TransferManager Class

Definition

This class contains a collection of methods (and structures associated with those methods) which perform higher-level operations. Whereas operations on the URL types guarantee a single REST request and make no assumptions on desired behavior, these methods will often compose several requests to provide a convenient way of performing more complex operations. Further, we will make our own assumptions and optimizations for common cases that may not be ideal for rarer cases.

public class TransferManager
Inheritance
java.lang.Object
TransferManager

Fields

BLOB_DEFAULT_DOWNLOAD_BLOCK_SIZE

The default size of a download chunk for download large blobs.

Methods

downloadBlobToFile(AsynchronousFileChannel file, BlobURL blobURL, BlobRange range, TransferManagerDownloadFromBlobOptions options)

Downloads a file directly into a file, splitting the download into chunks and parallelizing as necessary.

uploadFileToBlockBlob(final AsynchronousFileChannel file, final BlockBlobURL blockBlobURL, final int blockLength, Integer maxSingleShotSize, final TransferManagerUploadToBlockBlobOptions options)

Uploads the contents of a file to a block blob in parallel, breaking it into block-size chunks if necessary.

uploadFromNonReplayableFlowable(final Flowable<ByteBuffer> source, final BlockBlobURL blockBlobURL, final int blockSize, final int numBuffers, final TransferManagerUploadToBlockBlobOptions options)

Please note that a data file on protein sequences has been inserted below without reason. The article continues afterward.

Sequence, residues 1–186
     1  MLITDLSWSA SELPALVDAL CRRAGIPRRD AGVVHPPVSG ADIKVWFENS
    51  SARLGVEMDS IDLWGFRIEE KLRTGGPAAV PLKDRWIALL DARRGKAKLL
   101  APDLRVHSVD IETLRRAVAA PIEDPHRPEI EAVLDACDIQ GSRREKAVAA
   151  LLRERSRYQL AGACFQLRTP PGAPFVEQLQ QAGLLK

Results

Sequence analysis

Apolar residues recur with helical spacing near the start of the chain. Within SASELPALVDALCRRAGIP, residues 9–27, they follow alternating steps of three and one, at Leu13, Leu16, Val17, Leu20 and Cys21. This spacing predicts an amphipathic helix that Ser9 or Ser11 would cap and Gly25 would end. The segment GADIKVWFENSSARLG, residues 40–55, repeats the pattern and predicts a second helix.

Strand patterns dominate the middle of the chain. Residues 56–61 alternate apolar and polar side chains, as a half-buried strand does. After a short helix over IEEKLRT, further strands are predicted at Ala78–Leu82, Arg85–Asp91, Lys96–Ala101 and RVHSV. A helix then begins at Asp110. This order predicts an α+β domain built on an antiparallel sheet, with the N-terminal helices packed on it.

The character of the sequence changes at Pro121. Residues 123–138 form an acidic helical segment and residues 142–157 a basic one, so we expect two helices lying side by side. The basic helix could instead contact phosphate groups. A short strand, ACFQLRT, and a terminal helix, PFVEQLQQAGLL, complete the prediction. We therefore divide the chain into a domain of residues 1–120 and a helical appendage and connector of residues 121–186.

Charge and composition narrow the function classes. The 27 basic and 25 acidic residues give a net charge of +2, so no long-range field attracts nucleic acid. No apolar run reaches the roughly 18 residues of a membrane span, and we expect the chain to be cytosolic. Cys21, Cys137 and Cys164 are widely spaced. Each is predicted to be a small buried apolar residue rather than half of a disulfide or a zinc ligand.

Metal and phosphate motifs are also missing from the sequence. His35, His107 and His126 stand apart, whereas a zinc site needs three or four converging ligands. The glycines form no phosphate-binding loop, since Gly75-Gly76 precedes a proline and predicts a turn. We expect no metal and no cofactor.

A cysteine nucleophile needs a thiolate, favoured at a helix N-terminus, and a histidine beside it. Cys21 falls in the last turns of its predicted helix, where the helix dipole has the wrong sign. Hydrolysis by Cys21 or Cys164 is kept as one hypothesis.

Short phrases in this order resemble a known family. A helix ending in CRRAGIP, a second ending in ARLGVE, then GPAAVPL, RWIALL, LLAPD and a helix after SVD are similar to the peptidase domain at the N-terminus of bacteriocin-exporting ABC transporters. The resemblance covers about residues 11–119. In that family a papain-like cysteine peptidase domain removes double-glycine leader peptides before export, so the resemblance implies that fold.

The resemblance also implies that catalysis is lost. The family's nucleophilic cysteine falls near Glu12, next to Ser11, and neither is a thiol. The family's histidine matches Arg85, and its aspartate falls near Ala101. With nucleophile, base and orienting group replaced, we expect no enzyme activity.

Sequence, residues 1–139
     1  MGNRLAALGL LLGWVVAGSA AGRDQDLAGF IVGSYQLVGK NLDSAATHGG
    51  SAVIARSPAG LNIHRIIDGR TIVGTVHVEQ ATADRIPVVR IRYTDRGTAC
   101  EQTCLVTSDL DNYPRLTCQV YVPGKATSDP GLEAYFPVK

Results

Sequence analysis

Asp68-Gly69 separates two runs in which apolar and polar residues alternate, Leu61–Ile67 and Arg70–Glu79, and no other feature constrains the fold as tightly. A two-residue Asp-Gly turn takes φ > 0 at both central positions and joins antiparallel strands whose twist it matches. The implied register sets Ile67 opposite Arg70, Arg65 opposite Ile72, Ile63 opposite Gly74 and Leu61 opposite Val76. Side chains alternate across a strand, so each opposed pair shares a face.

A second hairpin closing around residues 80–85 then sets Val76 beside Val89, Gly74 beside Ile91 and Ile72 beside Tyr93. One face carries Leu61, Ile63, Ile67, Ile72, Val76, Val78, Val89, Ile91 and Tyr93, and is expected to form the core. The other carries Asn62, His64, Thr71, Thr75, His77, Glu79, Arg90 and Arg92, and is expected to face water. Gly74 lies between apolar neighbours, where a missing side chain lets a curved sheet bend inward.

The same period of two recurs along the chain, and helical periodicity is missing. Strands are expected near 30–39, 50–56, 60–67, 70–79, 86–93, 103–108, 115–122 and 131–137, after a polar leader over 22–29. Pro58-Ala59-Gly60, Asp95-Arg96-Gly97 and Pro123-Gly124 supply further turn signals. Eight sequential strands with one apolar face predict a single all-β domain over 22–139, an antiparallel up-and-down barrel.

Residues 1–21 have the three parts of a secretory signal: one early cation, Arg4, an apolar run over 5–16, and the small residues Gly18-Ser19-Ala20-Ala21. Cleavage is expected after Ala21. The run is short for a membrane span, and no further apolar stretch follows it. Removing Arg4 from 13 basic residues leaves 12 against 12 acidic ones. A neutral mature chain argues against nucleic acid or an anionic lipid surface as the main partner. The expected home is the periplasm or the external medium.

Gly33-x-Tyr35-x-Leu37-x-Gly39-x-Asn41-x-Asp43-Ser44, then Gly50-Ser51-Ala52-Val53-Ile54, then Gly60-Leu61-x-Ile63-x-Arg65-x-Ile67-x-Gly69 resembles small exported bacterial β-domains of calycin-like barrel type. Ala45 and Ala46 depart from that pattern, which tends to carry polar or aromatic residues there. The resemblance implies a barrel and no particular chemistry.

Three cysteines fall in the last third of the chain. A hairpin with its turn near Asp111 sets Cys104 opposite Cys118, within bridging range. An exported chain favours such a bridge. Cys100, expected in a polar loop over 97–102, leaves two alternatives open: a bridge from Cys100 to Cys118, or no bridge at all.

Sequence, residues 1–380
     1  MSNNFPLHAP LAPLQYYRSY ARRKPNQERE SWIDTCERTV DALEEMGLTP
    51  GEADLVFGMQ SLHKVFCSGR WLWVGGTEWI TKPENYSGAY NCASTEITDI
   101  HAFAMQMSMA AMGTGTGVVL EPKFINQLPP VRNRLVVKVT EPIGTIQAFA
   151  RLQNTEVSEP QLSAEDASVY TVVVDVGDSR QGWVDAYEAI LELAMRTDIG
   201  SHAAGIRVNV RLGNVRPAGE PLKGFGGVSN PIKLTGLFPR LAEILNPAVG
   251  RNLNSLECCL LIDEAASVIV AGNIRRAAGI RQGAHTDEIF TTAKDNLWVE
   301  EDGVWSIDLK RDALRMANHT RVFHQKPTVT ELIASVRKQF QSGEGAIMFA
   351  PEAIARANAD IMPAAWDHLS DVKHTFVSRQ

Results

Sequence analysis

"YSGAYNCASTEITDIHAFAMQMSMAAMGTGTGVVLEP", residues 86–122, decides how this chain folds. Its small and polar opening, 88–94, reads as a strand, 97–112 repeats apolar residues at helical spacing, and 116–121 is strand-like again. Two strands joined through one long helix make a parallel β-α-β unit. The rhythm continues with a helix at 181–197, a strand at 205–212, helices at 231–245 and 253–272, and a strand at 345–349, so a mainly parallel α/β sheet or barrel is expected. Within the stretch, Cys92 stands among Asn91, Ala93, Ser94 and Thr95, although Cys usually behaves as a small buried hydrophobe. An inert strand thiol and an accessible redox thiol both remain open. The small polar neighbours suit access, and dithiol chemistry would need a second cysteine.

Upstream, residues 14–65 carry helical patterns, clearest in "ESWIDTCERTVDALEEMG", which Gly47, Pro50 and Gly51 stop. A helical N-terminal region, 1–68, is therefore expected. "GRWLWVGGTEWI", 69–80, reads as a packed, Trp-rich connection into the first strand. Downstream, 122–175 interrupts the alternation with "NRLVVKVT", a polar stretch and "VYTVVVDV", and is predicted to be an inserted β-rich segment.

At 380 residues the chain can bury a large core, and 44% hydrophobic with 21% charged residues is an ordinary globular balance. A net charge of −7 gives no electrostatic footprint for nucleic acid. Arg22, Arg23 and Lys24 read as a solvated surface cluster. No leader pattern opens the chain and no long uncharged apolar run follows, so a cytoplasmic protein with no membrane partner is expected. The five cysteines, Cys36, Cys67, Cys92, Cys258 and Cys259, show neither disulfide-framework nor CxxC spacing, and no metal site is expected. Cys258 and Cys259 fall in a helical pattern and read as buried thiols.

Uploads the contents of an arbitraryFlowable  to a block blob. This Flowable need not be replayable and therefore it may have as its source a network stream or any other data for which the replay behavior is unknown (non-replayable meaning the Flowable may not return the exact same data on each subscription).

To eliminate the need for replayability on the source, the client must perform some buffering in order to ensure the actual data passed to the network is replayable. This is important in order to support retries, which are crucial for reliable data transfer. Typically, the greater the number of buffers used, the greater the possible parallelism. Larger buffers means we will have to stage fewer blocks. The tradeoffs between these values are context-dependent, so some experimentation may be required to optimize inputs for a given scenario.

Note that buffering must be strictly sequential. Only the upload portion of this operation may be parallelized; the reads cannot be. Therefore, this method is not as optimal as uploadFileToBlockBlob(AsynchronousFileChannel, BlockBlobURL, int, Integer, TransferManagerUploadToBlockBlobOptions) and if the source is known to be a file, that method should be preferred.

Applies to